How much damage does a Chainmail’s +10 Armor reduce?
And how much bonus damage do you get from Blight Stone’s -3 Armor?
This quick guide will explain in detail how Armor works in Underlords.
Spoiler alert—lots of maths and economics in this article for all you nerds!
How does Armor work in Dota Underlords?
Armor is a stat that reduces incoming physical damage by a percentage.
Conversely, when a unit’s Armor is reduced, it takes more damage.
For each point of Armor a unit has, its HP essentially increases by 5.8%. This is called the Effective HP.
Effective HP (EHP) is the unit’s base HP, plus the extra damage he can take due to the Armor’s damage reduction.
Here are some examples for a unit with 1,000 HP:
- 1 Armor = 1,058 EHP
- 2 Armor = 1,116 EHP
- 5 Armor = 1,290 EHP
It gets a little complicated though. The increased EHP scales up for each point of Armor. At 30 Armor and above, the EHP increase per Armor is at 7.7%.
Armor doesn’t work on Magical & Pure Damage
Armor calculation only takes effect on Physical Damage, both from normal attacks or hero spells (some spells deal Physical Damage).
Magical Damage and Pure Damage will ignore Armor, whether it’s an increase or a reduction.
For example, Mage skills like Lina’s Laguna Blade or the Demon’s Pure Damage effects will ignore increased or reduced Armor.
A better way to calculate Armor
Here’s an easier way to estimate Armor bonuses.
At 0–15 Armor, you can approximate that each point gives around ~6% EHP:
- 1 Armor = +6% More HP
- 5 Armor = +30% More HP
- 10 Armor = +60% More HP
- 15 Armor = +90% More HP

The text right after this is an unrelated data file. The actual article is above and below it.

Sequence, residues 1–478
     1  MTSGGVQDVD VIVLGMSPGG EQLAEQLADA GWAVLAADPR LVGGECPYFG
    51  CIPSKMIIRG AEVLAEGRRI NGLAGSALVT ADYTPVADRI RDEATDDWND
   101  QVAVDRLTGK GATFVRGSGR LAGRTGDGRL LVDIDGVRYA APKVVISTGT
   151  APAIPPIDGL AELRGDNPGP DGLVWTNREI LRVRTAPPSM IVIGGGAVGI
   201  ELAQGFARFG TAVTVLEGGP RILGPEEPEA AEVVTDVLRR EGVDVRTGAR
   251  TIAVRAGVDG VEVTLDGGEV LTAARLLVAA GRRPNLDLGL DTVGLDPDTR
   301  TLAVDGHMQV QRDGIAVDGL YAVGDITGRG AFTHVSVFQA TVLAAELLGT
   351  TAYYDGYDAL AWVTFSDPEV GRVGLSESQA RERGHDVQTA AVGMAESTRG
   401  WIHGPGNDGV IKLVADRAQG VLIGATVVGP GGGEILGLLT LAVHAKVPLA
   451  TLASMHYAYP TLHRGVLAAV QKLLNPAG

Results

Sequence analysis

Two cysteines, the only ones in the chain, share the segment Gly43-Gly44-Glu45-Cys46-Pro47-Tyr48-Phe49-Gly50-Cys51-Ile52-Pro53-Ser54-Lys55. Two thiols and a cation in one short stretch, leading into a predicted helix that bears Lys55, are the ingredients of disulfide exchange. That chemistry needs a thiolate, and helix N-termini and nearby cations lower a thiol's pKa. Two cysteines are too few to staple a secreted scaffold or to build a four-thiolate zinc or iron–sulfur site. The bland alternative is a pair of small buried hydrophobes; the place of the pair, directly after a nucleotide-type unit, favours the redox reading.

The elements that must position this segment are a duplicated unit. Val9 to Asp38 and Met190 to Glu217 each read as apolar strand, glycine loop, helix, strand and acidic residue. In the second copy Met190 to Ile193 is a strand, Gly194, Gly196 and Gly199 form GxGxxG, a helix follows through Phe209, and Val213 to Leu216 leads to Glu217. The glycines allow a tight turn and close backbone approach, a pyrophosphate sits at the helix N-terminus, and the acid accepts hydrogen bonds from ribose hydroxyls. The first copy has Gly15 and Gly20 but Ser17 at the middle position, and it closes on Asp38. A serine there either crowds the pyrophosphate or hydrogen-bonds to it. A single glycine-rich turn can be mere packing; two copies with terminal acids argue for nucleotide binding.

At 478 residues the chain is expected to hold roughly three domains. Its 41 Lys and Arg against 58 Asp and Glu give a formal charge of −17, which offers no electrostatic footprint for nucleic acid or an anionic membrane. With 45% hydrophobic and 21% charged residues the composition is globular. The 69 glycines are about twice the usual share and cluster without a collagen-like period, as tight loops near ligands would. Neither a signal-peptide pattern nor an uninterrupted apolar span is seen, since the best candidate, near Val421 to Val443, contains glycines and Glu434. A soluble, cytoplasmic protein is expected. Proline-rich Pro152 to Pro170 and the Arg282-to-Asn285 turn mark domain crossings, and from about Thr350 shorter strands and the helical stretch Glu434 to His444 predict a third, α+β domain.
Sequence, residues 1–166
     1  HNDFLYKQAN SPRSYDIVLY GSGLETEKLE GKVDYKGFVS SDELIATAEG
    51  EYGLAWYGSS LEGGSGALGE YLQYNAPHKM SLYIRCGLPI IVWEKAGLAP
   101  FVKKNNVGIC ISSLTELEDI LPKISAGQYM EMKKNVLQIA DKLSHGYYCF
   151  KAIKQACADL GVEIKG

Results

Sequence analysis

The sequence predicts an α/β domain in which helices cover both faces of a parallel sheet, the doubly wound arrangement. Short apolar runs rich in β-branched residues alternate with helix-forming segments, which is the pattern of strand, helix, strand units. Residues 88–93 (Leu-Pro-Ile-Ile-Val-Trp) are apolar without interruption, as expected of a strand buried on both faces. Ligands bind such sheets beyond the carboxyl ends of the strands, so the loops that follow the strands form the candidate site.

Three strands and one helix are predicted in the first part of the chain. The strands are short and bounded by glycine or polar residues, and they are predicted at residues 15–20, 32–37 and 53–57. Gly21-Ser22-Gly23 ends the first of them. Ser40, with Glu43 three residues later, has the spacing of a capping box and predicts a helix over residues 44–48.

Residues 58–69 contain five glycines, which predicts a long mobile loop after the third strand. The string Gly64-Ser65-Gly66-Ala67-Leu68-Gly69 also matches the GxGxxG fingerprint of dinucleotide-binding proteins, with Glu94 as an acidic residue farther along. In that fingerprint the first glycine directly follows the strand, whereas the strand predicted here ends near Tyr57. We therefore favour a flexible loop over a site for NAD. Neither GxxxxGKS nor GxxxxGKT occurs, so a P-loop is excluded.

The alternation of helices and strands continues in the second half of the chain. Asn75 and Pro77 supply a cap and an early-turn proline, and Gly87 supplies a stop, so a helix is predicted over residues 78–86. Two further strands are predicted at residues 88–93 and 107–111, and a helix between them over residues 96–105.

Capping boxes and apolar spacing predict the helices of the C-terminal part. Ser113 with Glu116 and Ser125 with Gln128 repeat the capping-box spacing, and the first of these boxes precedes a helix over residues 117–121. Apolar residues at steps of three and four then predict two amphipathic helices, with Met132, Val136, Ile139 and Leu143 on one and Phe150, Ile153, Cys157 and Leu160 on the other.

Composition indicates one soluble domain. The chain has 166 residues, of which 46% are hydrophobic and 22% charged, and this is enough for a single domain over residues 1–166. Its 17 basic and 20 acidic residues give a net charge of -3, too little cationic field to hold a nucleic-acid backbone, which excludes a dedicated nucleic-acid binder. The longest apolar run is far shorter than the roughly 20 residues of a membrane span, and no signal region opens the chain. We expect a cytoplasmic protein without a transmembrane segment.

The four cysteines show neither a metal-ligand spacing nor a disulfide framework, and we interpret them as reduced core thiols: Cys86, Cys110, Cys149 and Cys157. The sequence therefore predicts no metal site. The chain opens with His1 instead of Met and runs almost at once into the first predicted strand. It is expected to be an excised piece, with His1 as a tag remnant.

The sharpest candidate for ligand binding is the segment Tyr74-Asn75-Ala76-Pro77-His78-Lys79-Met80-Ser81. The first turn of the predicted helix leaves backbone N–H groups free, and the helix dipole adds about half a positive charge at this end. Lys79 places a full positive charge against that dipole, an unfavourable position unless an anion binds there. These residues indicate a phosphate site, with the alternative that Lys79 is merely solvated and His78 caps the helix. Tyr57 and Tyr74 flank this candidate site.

At 15–30 Armor it might start to get a little complicated. At this range the EHP bonus scales up to ~7% and above.
- 20 Armor = +120% More HP
- 30 Armor = +200% More HP
Don’t forget to include the unit’s Base Armor! A unit with 5 Base Armor for example will have a total of 15 Armor when equipped with a Chainmail (+10 Armor).
Also note that a unit’s Armor can go negative.
Armor Damage Multiplier Table
The way Armor is actually calculated in the game is through damage multipliers. These are multiplied to the incoming damage taken. Here is the formula:
Damage multiplier = 1 – ((0.052 × armor) ÷ (0.9 + 0.048 × |armor|))
So much maths! Here’s a human readable chart to see the damage multipliers per point of Armor. (Source)
|Armor (+)||Multiplier||Armor (-)||Multiplier|
Another Example — Chainmail vs. Vitality Booster
Here’s another example. Let’s say you have a unit with 500 HP and 0 Base Armor.
You’re offered a Vitality Booster (+250 HP) and a Chainmail (+10 Armor), which one do you choose?
The Chainmail gives the unit an additional 10 Armor, which as we now know is 60% more HP.
Therefore Chainmail gives 500 * 0.60 = +300 HP which is a bit higher than the Vitality Booster’s bonus HP.
Plus, this bonus scales well too as the unit levels up and gains more HP.
This is why Armor effects are almost always better than increased HP bonuses.
Which units should you give Armor?
Armor is more effective on units with lots of HP.